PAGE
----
Achieving Growth & Opportunity requires diverse stakeholders from multiple sectors to collaborate at a very high level. A critical factor to the success of such cross-sector collaborations is leadership. For the last few years our Fund has partnered with Leadership Cleveland and Leadership Akron (links to their web sites would be nice) to promote the value of particular skills and practices that we call “collaborative civic leadership.” We recognize that collaborations are much different than traditional organizations and therefore require a different kind of leadership. Our region’s leadership programs provide an opportunity to help organizational leaders become better collaborative civic leaders.
This month, Chris Thompson, director of regional engagement for the Fund, Mark Scheffler, president of Leadership Akron, and Marcy Levy Shankman, director of Leadership Cleveland, described their work to promote collaborative civic leadership in an essay published by the Stanford Social Innovation Review. An excerpt appears below. For the full piece, click here.
Collective action—action powered by all who have a stake in social change—is essential to making progress on big, interconnected priorties like economic inequity, public safety, and public health in our communities. But it can’t happen by itself. In the recent SSIR article “The Dawn of System Leadership,” authors Peter Senge, Hal Hamilton, and John Kania articulate the value of specific capabilities—such as the ability to foster reflection and generative conversations—that enable community leaders to build and sustain the conditions for collective action on social issues.
The article implicitly asks, “Where do we find and how do we create more systems leaders?” That is a critically important question for those of us who are tasked with helping our communities strengthen their capacity to achieve sustained positive change within civic systems. While we work at different organizations, we have a shared interest in answering that question, and we are working together to more clearly define and promote the value of collaborative leadership (or what the authors call “systems leadership”). We wholeheartedly agree with the authors that we are at the beginning of the beginning in learning how to catalyze and guide systemic action.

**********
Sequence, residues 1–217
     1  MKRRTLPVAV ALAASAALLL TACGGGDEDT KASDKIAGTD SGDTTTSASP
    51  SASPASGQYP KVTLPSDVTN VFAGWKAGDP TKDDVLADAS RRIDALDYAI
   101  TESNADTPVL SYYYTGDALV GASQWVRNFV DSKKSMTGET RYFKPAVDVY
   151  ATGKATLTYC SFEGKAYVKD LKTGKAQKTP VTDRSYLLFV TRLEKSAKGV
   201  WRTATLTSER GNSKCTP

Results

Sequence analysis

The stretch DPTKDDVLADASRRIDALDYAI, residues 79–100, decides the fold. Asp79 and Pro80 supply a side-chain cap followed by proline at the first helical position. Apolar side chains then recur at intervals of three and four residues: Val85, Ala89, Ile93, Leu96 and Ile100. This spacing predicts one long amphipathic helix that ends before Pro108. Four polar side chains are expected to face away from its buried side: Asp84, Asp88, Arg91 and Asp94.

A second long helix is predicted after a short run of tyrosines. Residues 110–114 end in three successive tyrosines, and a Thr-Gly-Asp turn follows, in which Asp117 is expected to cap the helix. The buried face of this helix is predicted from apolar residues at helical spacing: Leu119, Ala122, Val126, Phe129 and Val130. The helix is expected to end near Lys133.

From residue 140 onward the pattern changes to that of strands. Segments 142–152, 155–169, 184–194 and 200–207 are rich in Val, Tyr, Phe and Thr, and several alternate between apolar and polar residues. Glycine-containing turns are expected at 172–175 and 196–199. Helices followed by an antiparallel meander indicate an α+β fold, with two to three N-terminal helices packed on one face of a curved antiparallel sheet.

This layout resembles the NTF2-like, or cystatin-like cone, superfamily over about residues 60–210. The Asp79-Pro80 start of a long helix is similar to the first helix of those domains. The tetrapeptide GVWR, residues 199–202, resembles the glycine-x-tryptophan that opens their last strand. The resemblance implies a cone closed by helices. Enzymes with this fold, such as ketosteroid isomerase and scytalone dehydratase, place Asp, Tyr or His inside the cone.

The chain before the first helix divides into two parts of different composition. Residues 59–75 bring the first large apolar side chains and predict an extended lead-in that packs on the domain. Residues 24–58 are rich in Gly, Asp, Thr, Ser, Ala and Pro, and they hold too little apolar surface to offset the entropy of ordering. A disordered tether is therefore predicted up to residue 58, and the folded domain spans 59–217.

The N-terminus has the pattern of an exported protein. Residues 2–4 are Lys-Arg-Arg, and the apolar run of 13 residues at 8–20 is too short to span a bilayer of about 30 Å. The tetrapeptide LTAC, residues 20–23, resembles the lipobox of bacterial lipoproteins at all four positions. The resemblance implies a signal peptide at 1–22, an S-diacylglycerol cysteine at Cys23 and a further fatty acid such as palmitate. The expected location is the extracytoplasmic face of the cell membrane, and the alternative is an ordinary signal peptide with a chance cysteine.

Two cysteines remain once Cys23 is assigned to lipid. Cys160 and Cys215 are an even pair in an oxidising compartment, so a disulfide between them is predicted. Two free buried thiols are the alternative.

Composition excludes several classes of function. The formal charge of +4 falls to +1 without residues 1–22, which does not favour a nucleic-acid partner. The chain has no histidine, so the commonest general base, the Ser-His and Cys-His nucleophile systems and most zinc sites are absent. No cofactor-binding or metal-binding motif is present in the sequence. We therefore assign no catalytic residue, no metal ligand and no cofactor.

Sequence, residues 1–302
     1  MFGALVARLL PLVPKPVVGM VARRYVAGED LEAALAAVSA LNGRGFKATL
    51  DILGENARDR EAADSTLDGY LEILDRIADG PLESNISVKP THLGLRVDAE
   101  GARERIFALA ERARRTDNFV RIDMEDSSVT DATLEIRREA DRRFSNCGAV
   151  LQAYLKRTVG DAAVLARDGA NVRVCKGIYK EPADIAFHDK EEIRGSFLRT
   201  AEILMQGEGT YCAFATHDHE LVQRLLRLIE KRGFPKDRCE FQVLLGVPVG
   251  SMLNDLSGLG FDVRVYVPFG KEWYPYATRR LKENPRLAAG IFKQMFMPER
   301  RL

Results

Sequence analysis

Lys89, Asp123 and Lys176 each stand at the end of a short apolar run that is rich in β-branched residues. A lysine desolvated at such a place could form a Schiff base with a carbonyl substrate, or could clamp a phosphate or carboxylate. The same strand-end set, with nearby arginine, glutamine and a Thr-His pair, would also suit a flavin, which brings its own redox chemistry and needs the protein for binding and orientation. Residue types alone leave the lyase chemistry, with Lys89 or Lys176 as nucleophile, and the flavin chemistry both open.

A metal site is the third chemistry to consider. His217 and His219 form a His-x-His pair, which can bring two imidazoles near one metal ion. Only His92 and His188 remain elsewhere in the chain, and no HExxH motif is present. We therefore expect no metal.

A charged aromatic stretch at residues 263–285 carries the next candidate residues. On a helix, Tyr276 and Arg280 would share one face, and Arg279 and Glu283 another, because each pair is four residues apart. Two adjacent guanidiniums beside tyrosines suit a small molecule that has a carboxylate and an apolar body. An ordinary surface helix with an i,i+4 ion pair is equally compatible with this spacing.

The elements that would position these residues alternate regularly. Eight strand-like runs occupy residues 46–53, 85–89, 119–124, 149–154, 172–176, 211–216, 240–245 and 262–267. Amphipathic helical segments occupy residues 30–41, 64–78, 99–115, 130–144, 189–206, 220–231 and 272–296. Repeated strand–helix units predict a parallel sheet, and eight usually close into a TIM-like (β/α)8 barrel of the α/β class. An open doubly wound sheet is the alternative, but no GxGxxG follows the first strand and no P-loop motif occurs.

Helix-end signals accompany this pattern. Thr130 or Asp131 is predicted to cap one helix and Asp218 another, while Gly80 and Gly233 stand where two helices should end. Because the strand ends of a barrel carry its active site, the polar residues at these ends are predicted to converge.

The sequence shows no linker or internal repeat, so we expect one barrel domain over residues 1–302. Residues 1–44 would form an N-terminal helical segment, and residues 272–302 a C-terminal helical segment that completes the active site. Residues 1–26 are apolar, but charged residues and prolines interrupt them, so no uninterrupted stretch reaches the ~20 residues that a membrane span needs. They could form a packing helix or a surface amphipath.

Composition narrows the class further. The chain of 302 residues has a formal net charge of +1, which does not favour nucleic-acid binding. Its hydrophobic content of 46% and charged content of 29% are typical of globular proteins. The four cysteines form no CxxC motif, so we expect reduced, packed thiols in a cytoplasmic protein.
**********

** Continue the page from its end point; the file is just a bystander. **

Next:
As the Senge, Hamilton, and Kania highlight, exercising systems leadership requires different skills and capabilities than exercising organizational leadership. Most people considered to be community leaders begin their leadership journey inside an organization. Organizations have hierarchies, lines of authority, and established processes for achieving change. Those features are less clear (or completely absent) within the complex civic systems that shape education, public health, food security, safety, and other priorities.
Thousands of organizational leaders discover those differences by participating in community-based leadership programs. These programs exist in nearly every large- to medium-size community in the country. They tap organizational leaders from business, nonprofits, government, education, law, and other sectors, and expose them to an intense, months-long curriculum that strengthens their professional network, and their understanding of the opportunities and challenges within their community.
But we’ve observed that many leaders in these programs become frustrated when they realize that the skills and tools they use to create change within their organizations don’t translate well to complex civic systems. What’s more, they don’t understand why their leadership skills don’t translate.
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